Thanksgiving has always been a big deal in our house. As soon as Halloween is over, we dive into our trove of cookbooks and archived Bon Appetits.
Then the emails begin. At first it's just a soup suggestion here, a dessert idea there. Before we know it, the emails are flying fast and furious. "Help me choose one of these seven recipes for green bean casserole." Or "Do you guys want cranberry jelly, sauce, or chutney -- I've attached three recipes for each."
Sometimes egos get bruised (why don't you think I'll be able to pull this off?) and old insecurities come to the fore (you guys NEVER listen to my ideas!).
Finally, the winnowing begins. We eliminate the recipes that don't make us drool. Or we come up with a theme "International twist on the classics" or "Classics with the volume turned up" and go from there.
Ever since my sister and I got married, the logistics have become a bit more challenging. There's a little more negotiating about where to have the big meal. And more cooks who want to be in the kitchen. There are a few more dietary restrictions to deal with. And a lot more opinions to navigate. (On the other hand, there's my new baby nephew who makes everyone smile, no matter the level of tension in the kitchen.)
And some things never change. For as long as I can remember, I've been in charge of the appetizers. My dad has always made the soup. And my sister prepares dessert. My mom is everyone's sous chef, finding a serving platter here, chopping vegetables there. And over time, the newer additions to our family have claimed their territory too. My husband makes the (usually Bourbon-soaked) sweet potatoes. And my brother-in-law prepares the cranberry sauce, usually one with a spicy kick.
For this year's Thanksgiving meal, I've had a particular appetizer in mind for months. Bacon jam. Yes, that's right. Bacon jam. The food blogger who came up with this recipe, Not Quite Nigella, named her post Bacon Jam -- Your Wildest Dreams Come True. And she's not kidding.
This jam is sweet, salty, smoky, spicy and redolent of bacon. Basically everything you could possibly want in one bite. I'll be serving a dollop of the bacon jam on crostini spread with a thin layer of cheese.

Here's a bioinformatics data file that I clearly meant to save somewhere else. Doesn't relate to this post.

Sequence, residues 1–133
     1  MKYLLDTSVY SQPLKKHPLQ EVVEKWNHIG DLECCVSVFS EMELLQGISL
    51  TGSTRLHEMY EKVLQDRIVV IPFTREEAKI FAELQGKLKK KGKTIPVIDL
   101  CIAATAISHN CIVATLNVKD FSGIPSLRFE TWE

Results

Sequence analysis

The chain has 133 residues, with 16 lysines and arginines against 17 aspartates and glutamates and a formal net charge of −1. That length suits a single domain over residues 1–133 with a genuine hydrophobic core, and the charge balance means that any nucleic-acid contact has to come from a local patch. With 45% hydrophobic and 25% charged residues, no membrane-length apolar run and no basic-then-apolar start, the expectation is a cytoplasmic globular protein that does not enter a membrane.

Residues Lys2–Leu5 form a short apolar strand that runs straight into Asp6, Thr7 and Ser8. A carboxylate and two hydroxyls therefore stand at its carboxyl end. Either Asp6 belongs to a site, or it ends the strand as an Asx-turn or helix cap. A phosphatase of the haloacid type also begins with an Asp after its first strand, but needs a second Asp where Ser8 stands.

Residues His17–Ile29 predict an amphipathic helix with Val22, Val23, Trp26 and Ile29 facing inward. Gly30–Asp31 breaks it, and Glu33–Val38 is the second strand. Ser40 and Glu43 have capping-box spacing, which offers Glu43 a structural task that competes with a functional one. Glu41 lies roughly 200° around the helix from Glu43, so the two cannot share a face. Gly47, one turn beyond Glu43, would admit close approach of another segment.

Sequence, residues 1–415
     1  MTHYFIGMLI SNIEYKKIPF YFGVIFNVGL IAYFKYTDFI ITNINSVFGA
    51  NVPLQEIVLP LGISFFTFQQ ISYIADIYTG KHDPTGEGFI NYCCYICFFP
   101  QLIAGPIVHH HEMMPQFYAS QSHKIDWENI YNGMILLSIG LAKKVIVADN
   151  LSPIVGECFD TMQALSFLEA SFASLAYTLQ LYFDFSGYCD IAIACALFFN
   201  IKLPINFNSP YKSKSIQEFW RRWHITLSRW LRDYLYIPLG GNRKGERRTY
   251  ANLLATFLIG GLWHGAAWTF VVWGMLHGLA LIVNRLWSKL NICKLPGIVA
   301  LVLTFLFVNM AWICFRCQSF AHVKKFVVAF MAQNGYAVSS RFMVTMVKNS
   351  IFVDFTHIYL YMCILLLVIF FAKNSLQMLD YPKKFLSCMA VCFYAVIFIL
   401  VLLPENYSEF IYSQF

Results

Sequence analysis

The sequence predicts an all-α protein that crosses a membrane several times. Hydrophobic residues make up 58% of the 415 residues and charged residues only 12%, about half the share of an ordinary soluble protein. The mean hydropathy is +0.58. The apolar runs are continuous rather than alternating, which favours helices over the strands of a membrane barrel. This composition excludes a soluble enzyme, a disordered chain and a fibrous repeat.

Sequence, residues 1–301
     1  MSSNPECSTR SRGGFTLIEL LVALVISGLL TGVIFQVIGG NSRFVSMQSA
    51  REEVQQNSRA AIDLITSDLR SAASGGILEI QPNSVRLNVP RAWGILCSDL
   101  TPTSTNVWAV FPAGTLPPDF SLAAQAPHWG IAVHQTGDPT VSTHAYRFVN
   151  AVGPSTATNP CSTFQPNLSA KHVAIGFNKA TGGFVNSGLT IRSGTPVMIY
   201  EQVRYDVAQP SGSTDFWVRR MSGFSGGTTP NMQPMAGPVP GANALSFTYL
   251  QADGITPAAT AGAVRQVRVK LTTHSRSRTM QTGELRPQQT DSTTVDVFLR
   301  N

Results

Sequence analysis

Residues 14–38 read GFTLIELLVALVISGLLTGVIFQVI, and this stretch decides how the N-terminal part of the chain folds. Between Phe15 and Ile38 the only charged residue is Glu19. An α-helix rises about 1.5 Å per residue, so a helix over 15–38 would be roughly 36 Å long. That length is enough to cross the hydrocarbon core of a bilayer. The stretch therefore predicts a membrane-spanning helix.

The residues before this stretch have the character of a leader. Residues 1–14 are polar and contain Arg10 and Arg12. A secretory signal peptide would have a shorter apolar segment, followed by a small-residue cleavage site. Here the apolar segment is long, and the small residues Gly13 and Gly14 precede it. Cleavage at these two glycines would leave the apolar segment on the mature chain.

But I'd eat it on toast, on an egg sandwich, on a BLT on a burger,...Honestly, I'd be happy to eat it straight out of the jar. I think it may become a new Thanksgiving tradition.
Start with good bacon.
Cut the bacon into 1 1/2-inch pieces. Fry in a nonstick skillet until the bacon is just golden brown.
Transfer a little of the rendered bacon fat to a Dutch oven and fry the onion and garlic in the fat until translucent.
Add the bacon to the Dutch oven, along with all of the other ingredients except the water. Simmer for 2 hours over medium heat, turning down the heat to low after an hour if the bacon is starting to burn. If your mixture dries out, add 1/4 cup of water every 15 minutes or so and stir.
This is what your jam will look like after 5 minutes:
After 30 minutes:
After 1 hour:
After 1 1/2 hours:
And when it's done cooking:
Let the mixture cool for a few minutes. Then transfer to a food processor and pulse for a couple of seconds until the ingredients are chopped up, but the jam still has some texture.
Serve simply with crackers or get as imaginative as you like.
Barely adapted from a recipe by Not Quite Nigella
1 pound smoked bacon
4 cloves garlic, chopped
1 medium onion sliced
3 Tbsp brown sugar
1 cup coffee
1/4 cup apple cider vinegar
1/4 cup maple syrup
Black pepper to taste
1. Cut bacon into 1 1/2-inch pieces, the fry in a non stick pan until bacon is lightly browned and beginning to crisp. Remove bacon with a slotted spoon and set aside.
2. Put 2 tablespoons of the rendered bacon fat into a heavy Dutch oven. Fry the onion and garlic in the rendered bacon fat on medium heat until translucent.
3. Add the bacon to the onion and garlic in the Dutch oven. Then add the rest of the ingredients except for the water.
4. Simmer for 2 hours adding 1/4 of a cup of water every 15 minutes or so and stirring. (I turned down the heat to low after 1 hour of cooking to prevent the bacon from burning.)
5. When ready, cool for about 15-20 minutes and then place in a food processor. Pulse for 2-3 seconds so that you leave some texture to the “jam.” Or keep whizzing and make it a smoother and more paste-like.
Makes about 1 1/2 cups